Why Controlled Wildfires Can Still Smolder At Night? Huntsville/Lake of Bays Fire Department Explains

MNRF File photo

Wildfires happen for many reasons. Carelessly discarded smoking materials, unattended campfires or campfires that are not fully extinguished account for a large majority of fires starting, however, natural causes such as lightning can also cause fires.

Early spring in Muskoka presents some challenges as the forests have not yet fully “greened-up”. This, combined with warmer temperatures, very low humidity (amount of moisture in the air) during the day, high winds in the afternoon and a lack of rain, all combine to make for some dangerous conditions. This is where the “No Daytime Burning” rules come from as well.

Firefighters work feverishly to control any fire. Factors such as the amount of fuel in the forest, windy conditions and hilly terrain can cause a wildland fire to quickly spread through the bush. In consultation with the MNRF on larger fires, decisions on how best to “control” the spread of fire are made.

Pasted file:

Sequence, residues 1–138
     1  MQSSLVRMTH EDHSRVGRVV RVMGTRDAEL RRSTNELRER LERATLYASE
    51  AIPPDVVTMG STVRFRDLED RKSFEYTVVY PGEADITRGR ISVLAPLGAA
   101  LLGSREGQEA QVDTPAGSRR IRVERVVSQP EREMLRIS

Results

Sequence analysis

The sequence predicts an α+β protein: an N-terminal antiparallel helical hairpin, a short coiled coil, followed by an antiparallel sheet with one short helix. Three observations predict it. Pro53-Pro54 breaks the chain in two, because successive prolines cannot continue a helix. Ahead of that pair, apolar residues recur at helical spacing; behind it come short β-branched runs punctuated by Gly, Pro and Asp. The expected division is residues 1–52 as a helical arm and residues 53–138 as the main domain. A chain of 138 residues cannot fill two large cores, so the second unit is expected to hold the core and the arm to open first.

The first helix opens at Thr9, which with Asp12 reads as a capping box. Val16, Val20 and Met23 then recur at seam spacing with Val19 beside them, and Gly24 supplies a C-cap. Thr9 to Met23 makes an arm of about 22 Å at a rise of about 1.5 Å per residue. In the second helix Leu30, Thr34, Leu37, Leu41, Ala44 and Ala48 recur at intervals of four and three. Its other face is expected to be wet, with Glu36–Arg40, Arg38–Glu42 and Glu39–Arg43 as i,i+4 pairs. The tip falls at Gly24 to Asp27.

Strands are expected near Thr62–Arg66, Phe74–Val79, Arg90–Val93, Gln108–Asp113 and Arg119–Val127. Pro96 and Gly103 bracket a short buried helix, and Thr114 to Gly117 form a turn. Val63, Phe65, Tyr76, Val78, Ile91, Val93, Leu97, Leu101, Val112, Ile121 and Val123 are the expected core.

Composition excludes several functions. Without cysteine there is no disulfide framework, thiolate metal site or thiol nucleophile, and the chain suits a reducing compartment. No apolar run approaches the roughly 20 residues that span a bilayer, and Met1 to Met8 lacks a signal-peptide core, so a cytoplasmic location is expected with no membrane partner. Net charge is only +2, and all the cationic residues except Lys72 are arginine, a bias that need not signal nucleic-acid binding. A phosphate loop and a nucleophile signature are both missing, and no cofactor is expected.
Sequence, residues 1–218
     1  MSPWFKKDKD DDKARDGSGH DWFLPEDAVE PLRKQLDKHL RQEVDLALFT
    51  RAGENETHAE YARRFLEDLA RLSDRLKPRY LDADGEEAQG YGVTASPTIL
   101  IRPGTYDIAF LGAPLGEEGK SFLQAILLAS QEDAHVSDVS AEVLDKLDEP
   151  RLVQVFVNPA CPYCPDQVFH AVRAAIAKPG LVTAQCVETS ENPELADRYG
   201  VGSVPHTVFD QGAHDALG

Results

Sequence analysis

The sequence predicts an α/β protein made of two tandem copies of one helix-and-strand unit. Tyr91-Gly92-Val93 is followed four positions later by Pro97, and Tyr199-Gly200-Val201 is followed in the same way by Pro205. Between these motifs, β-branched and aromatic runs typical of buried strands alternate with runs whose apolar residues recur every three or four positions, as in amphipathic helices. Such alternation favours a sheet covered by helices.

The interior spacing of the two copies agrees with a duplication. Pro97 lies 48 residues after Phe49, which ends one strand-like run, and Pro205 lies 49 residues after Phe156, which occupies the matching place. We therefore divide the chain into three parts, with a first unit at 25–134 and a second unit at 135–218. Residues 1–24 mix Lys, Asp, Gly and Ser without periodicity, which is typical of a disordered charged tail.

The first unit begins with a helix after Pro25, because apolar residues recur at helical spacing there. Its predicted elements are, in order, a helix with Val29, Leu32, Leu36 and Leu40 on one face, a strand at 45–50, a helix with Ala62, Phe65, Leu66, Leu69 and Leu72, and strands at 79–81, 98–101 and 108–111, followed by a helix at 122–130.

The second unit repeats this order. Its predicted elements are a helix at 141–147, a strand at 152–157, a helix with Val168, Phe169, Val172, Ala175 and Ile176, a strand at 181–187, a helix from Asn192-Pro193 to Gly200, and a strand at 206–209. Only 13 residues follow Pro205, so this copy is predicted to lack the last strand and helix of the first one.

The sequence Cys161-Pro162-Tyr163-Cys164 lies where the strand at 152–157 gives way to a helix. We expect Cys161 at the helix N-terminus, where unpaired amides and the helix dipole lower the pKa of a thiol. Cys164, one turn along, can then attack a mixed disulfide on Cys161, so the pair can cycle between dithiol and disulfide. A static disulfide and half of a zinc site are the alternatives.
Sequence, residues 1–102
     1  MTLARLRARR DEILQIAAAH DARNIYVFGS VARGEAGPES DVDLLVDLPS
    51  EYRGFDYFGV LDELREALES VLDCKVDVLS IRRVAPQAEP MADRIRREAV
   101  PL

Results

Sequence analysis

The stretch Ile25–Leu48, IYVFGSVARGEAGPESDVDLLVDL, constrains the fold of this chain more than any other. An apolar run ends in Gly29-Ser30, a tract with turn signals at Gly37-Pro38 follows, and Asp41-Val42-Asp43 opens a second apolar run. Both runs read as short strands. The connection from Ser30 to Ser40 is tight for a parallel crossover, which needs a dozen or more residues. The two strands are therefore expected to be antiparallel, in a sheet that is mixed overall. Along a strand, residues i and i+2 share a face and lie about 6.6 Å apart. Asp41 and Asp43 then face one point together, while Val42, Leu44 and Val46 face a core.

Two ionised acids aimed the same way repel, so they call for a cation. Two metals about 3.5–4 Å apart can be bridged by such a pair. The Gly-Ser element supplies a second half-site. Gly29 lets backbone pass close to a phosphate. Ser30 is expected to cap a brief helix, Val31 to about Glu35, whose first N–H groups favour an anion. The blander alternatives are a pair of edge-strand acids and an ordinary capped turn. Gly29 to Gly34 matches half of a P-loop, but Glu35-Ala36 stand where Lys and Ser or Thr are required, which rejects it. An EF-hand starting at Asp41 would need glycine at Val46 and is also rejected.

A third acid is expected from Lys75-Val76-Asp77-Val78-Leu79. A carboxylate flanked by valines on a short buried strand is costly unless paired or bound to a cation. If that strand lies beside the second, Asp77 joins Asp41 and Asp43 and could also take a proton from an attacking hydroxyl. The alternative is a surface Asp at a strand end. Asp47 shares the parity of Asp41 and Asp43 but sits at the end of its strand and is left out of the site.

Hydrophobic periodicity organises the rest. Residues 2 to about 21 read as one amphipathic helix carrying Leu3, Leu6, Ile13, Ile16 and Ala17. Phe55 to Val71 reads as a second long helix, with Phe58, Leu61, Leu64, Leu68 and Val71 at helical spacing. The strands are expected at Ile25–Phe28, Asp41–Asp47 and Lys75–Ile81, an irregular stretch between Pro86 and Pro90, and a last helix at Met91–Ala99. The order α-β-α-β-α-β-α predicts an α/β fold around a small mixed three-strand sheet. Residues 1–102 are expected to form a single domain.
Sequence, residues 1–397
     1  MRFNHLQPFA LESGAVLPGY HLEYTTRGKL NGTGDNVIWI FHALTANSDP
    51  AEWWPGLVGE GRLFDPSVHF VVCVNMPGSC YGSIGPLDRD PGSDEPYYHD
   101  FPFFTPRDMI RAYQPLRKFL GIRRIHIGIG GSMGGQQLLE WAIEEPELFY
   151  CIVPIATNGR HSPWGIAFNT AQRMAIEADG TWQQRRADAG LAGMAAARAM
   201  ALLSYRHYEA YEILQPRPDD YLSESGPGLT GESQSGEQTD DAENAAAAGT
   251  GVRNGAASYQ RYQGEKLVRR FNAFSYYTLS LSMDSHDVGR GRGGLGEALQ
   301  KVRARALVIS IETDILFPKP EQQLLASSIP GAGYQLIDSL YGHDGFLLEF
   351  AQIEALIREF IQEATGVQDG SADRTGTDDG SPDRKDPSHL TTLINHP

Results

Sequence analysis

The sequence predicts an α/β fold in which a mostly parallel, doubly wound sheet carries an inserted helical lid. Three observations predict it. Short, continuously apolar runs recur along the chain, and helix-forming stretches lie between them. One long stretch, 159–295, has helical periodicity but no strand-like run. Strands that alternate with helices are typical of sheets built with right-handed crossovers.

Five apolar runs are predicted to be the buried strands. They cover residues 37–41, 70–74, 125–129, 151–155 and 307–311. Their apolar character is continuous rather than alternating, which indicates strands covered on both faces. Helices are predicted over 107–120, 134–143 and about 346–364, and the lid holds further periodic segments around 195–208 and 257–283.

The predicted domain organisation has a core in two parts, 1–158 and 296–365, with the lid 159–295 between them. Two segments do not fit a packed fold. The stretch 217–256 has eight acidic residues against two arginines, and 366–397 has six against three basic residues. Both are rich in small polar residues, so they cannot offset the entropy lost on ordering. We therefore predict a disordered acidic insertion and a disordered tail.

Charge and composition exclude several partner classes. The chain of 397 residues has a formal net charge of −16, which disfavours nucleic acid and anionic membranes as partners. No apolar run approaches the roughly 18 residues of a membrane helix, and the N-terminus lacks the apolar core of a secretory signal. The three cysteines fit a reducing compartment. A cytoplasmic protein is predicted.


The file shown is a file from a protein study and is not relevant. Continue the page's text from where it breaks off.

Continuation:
Once the fire is deemed “under control”, firefighters now re-group and start the process of putting out “hotspots”. As you can well imagine, a large fire could take several hours to bring under control and several more to fully extinguish remaining hotspots. Often times firefighters are working until sunset to accomplish this. For the safety of the firefighters, if the fire is under control and there is no risk to property or lives, they will not fight the fire in the dark. After sunset, conditions become favourable and the fire activity will significantly decrease due to the higher humidity levels, low wind conditions and lower temperatures.

Residents in the area may still smell or see smoke at night, but rest assured, the risk of any fire spreading is diminished overnight and our firefighters will return at first light to complete the extinguishment.

Please do your part to help prevent wildfires. For more information on preventing forest fires and having a safe campfire, please visit: https://www.ontario.ca/page/how-prevent-forest-fires.


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